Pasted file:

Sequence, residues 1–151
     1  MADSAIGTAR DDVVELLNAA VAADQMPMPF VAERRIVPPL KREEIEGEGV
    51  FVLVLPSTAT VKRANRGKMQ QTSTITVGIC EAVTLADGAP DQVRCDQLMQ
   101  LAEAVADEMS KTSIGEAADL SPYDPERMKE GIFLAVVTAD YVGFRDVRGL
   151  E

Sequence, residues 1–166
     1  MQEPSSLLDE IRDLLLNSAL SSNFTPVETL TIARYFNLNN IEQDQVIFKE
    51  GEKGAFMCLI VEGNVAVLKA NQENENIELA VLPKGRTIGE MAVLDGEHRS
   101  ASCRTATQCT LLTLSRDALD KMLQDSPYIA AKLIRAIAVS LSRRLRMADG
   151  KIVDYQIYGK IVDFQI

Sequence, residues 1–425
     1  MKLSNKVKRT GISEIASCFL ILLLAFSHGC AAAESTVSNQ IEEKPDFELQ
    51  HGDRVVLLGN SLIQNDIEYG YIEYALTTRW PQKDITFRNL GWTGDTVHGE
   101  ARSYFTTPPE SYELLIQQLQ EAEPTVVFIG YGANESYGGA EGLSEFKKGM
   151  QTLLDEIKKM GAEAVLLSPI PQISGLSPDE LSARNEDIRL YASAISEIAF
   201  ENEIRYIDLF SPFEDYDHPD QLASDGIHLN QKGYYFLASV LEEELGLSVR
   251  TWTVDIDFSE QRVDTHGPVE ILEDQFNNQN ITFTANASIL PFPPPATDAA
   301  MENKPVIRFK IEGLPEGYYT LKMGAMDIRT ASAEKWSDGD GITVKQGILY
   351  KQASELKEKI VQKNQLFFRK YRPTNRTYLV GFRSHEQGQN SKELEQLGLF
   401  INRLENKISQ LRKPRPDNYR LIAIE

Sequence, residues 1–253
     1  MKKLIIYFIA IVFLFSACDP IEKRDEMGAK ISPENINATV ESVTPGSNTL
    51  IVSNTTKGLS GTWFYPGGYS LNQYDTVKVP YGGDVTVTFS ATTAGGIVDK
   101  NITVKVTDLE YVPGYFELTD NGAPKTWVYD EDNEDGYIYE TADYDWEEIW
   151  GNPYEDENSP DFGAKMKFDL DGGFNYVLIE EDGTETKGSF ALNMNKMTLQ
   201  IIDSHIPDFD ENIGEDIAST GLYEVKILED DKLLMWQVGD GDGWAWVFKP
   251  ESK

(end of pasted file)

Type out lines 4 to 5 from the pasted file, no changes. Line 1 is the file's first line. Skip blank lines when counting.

   101  LAEAVADEMS KTSIGEAADL SPYDPERMKE GIFLAVVTAD YVGFRDVRGL
   151  E